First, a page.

Renewing the University: A Pro/Con of Proposals

Conservative thinkers are mostly united on the need for reforming the American college system, but they’re divided on how to do it. It can be hard to pin down, exactly, what is to be done, as the Martin Center has previously reported.  So it may be worthwhile to step back and look at what proposals … Continue reading “Renewing the University: A Pro/Con of Proposals”


Bridge to Discrimination: Decades of Gender Bias in the UNC System

Although many colleges and universities today claim to be dedicated to diversity, equity, and inclusion, their policies and practices often violate those principles. Among the most common types of violations are single-sex programs for women and girls, which exclude men and boys. Such violations are pervasive through the University of North Carolina System, as described … Continue reading “Bridge to Discrimination: Decades of Gender Bias in the UNC System”


Did You Know? College Enrollments Fall Again

Student enrollment dipped at the beginning of the pandemic, but the numbers went from bad to worse a year later. As Inside Higher Ed reported, spring undergraduate enrollment fell almost 6 percent compared to last year—with a 11 percent decline among community colleges. Colleges lost younger students between 18 and 20 the most: their enrollment … Continue reading “Did You Know? College Enrollments Fall Again”


Reassessing the College Wage Premium Payoff

With the onset of the COVID-19 pandemic, experts within the higher education policy space were projecting that four-year colleges could face a loss of up to 20 percent in fall enrollment. While these predictions never materialized, the political infatuation with college enrollment figures is not a new phenomenon. Barack Obama proclaimed the orthodox view of … Continue reading “Reassessing the College Wage Premium Payoff”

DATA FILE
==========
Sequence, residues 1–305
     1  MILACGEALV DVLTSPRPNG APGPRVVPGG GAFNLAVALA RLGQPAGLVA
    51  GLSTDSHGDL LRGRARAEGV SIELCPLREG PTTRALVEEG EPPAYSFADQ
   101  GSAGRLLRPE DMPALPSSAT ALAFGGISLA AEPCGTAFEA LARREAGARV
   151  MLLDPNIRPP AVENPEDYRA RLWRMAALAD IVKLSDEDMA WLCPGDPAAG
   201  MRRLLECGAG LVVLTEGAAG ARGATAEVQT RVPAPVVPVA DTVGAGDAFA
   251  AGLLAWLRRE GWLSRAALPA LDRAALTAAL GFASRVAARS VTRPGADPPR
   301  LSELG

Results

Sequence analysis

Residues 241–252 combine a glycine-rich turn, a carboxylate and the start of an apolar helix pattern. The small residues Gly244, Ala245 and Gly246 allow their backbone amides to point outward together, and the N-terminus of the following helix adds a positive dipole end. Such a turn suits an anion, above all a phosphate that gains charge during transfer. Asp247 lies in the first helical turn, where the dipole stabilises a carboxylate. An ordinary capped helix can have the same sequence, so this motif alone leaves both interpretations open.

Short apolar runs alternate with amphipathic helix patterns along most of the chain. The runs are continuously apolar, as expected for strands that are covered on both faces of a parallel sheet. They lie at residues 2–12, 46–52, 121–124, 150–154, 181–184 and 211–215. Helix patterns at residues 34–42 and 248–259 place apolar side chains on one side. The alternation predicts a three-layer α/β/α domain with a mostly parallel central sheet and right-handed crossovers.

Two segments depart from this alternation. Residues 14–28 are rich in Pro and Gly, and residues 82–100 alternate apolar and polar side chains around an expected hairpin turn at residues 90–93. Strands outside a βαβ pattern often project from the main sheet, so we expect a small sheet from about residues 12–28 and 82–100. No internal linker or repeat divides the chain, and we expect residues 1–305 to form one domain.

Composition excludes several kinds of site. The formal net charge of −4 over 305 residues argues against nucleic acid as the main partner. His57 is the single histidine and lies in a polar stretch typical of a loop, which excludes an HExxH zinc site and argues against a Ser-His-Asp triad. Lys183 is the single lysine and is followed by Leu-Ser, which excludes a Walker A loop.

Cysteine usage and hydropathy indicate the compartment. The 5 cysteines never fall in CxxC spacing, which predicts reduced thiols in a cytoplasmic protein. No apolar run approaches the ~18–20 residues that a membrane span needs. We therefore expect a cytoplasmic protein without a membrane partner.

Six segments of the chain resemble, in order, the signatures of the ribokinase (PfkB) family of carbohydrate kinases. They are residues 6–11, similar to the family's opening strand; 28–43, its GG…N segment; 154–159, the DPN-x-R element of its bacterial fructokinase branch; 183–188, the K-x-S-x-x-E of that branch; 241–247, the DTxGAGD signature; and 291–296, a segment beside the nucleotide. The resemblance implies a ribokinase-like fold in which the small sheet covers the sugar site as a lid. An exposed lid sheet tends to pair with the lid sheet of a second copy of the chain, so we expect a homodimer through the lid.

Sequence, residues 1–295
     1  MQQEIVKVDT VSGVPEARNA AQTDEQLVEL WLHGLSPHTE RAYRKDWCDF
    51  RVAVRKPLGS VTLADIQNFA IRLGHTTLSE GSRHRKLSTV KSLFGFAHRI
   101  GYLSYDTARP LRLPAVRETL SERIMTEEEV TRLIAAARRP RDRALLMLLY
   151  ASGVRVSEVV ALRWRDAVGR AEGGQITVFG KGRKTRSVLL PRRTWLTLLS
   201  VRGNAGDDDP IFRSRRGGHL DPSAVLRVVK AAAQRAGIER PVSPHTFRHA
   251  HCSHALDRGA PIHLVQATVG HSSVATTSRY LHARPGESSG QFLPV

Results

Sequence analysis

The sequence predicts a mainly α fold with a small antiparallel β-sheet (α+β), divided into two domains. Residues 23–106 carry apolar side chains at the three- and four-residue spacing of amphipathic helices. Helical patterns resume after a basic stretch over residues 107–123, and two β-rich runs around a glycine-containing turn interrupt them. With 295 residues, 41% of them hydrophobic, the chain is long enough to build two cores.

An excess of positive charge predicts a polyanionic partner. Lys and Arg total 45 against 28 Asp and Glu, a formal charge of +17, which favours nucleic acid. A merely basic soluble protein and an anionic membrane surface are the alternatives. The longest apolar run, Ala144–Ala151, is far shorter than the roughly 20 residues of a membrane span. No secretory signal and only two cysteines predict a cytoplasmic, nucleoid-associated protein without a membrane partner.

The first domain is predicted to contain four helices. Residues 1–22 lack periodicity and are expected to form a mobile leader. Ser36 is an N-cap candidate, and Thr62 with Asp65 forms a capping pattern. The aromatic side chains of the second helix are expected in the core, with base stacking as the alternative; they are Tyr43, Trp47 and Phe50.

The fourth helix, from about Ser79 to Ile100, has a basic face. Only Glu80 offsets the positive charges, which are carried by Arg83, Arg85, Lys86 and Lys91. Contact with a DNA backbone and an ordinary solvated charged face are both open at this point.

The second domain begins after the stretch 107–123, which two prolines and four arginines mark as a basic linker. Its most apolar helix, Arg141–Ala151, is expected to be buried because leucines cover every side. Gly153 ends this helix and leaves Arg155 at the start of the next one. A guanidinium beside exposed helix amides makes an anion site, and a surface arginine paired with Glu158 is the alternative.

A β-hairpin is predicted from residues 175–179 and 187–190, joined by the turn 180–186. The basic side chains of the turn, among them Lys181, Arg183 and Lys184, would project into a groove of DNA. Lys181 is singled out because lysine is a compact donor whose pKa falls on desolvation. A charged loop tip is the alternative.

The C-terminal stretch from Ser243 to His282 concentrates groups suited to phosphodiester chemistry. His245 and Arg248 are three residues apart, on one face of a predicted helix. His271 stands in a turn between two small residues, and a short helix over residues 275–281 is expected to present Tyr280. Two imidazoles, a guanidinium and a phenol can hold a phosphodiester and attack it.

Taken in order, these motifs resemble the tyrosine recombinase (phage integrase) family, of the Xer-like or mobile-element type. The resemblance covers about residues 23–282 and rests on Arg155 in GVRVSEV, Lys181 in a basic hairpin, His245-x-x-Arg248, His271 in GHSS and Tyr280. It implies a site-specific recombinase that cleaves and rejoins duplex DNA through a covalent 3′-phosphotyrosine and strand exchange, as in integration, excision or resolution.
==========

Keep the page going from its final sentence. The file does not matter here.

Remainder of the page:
The Edifice Complex Is a Threat to University Budgets

According to one recent estimate, American colleges in the last few years, in a period of extraordinary enrollment decline, have added 70 million square feet of new instruction and research facilities on their campuses. That is more space than in 10 Pentagons, the largest office facility in the U.S. Yet enrollments for fall 2020 had … Continue reading “The Edifice Complex Is a Threat to University Budgets”


What the Election Will Mean for Higher Education

Though the 2020 election has focused on COVID-19 and the economy, higher ed has still gotten some attention. But only one party has a plan to transform college in their image. The Democrats have promised more money, more student debt forgiveness, and more initiatives to push young people through the college system in some way, … Continue reading “What the Election Will Mean for Higher Education”


Six Ideas to De-Politicize the American Campus

The politicization of higher education is a huge societal problem. Even though there is an overwhelming consensus that universities’ ultimate purpose should be a search for the truth and that it is imperative that inquiry and dialogue be kept free and open, this is increasingly not the case. In many departments, acknowledged communists outnumber registered … Continue reading “Six Ideas to De-Politicize the American Campus”